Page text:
Back when Crosman brought out the Benjamin Discovery, I saw the same thing. Ed Schultz, who was their lead engineer back then, showed me their production line where they filled each and every rifle with air, watching for leaks over a 24-hour period. Once they knew they could do it right they no longer had to do that, and they couldn’t afford to because it ate up all their profit, but Ed told me they were very concerned that the launch went right. They knew they were under a spotlight.

Today nobody give a second thought to buying a PCP from Crosman, because they have proven they can build them.

We did the same thing at AirForce when the Condor came out in 2004. We tested each one of the first 100 rifles by serial number and recorded its velocity with a .22 caliber Crosman Premier pellet. The pellet had to leave the gun at 1,200 f.p.s. or more. We didn’t want someone getting on a chat forum telling the world how their gun was wrong.


The Fortitude, Gauntlet, Urban tests I have conducted have given buyers doubts about all price point PCPs (PPP). Are they really such a gamble? Well, three out of the three that I got to test have fallen short in some way.

I intentionally left the Stormrider off that list because the one I tested was not a PPP. But the new one is. And it comes to market under the shadow of the first one that in my tests was okay but not astounding. Accuracy was okay. The trigger was okay, and the magazine was stiff. It was not a failure, but it also wasn’t a PPP. The Gen II Stormrider has to live in the shadow of this first gun. What I’m saying is it might have been worthwhile to wait until all the features that are now available were there.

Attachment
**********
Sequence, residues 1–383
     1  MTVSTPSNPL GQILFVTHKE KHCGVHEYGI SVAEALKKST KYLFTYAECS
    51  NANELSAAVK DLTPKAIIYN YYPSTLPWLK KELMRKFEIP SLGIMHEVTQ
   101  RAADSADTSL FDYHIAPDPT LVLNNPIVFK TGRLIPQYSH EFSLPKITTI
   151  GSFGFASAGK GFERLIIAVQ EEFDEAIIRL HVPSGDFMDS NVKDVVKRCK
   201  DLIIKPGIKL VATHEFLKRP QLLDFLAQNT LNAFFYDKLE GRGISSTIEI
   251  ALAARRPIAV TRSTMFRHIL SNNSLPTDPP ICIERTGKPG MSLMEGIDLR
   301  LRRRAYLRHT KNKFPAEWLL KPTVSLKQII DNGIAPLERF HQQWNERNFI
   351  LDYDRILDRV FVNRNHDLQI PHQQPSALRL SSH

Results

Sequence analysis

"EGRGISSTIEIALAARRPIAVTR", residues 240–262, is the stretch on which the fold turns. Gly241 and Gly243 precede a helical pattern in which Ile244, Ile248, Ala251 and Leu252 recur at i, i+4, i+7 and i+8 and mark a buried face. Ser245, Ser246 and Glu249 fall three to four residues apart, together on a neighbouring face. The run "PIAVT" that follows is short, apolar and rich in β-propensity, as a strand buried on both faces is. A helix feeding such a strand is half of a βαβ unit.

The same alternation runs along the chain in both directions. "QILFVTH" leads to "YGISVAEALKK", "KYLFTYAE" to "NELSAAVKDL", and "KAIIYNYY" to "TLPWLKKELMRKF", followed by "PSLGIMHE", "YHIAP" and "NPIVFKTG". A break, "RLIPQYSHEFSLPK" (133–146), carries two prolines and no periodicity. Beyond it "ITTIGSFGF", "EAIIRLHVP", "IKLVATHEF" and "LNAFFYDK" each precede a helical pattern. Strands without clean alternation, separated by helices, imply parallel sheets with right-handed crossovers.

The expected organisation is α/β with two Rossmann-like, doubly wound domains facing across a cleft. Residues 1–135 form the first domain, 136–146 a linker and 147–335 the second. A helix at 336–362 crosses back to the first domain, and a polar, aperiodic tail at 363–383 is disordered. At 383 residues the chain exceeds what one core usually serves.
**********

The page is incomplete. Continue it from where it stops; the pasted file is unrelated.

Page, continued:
Let’s keep the name and change the product!

Some companies realize their name has a powerful influence on the buying patterns of the public. The greatest brand/product failure of all time was when, on April 23, 1985, Coke decided to come out with a changed formula they proudly called New Coke. The product was a disaster that ultimately cost Coke the lead in the cola wars. Time magazine called it “the Edsel of the ’80s”. It lasted three months and changed the future of the company forever.

When a company has a name that has become so well-recognized as Coke, they need to protect it at all costs. The New Coke disaster tells us that. Of course no airgun company has, or could have, a name as big as Coke. But within the airgun community, names like Weihrauch, Webley and Crosman are equally significant. They are names you don’t want to mess with.

Don’t allow a new product to sully an established name.

Let’s keep the product and change the name!

Want to see the reverse? Which of you works on a Next computer? Never head of it? That’s odd, because Steve Jobs said you would never forget the name. I sure haven’t.